As Puerto Rico seeks to rebuild and modernize its electric grid, island officials are looking to mainland regulators for perspective on what approaches may be effective.
The National Association of Regulatory Utility Commissioners (NARUC) is sending a delegation of representatives from eight states and the District of Columbia to Puerto Rico for meetings Feb. 27 and 28, to provide advice on regulatory issues related to the island's electric grid and other services.
The U.S. Department of Energy is funding the trip to facilitate technical exchanges with the Puerto Rico Public Service Regulatory Board (PSRB).
Puerto Rico is strengthening its utility regulatory structure, in part to facilitate efforts to modernize its electric grid and make the island's system more resilient following widespread damage by Hurricane Maria in 2017. The NARUC seminar will consider how public-private partnerships could assist in grid operations, according to an agenda provided by PSRB.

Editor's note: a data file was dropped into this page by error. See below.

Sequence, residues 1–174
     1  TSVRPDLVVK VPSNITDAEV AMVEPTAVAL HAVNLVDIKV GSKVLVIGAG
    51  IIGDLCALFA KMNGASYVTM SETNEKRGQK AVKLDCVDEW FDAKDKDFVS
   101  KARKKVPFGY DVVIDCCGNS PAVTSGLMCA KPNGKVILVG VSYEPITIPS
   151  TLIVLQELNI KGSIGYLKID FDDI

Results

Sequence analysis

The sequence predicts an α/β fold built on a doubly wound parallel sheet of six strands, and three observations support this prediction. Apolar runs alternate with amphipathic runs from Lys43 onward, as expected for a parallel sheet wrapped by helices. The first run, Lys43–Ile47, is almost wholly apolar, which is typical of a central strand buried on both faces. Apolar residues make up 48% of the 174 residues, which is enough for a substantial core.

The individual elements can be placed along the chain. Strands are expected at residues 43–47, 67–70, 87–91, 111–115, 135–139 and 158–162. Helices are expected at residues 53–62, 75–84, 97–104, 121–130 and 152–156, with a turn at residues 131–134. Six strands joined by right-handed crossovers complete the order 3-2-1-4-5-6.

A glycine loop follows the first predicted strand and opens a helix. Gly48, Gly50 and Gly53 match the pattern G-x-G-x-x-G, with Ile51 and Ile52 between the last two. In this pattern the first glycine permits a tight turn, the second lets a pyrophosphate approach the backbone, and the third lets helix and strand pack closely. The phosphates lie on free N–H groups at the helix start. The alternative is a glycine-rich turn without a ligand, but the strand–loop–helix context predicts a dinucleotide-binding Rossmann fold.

The goal of this initiative is to "enable the exchange of experiences between jurisdictions considering similar regulatory matters in the areas of energy, telecommunications, transportation and consumer affairs," according to Jorge Camacho, a facilitator for the exchange on behalf of the Puerto Rico Energy Bureau (PREB) and former chief of infrastructure and system planning for the District of Columbia Public Service Commission.
Puerto Rico's electric grid was destroyed by Hurricane Maria two years ago, causing months of outages across the island. While the grid has been rebuilt, the island's electric utility, the Puerto Rico Electric Power Authority (PREPA), has also proposed widespread modernization efforts and the addition of renewables and microgrids to make the system more resilient.
PREB sits within the PSRB, which is an umbrella group for Puerto Rico's regulation of energy, telecommunications, transportation and consumer affairs. PREPA officials are not part of the NARUC seminar, according to Sheila Anglero, a communications consultant for PSRB.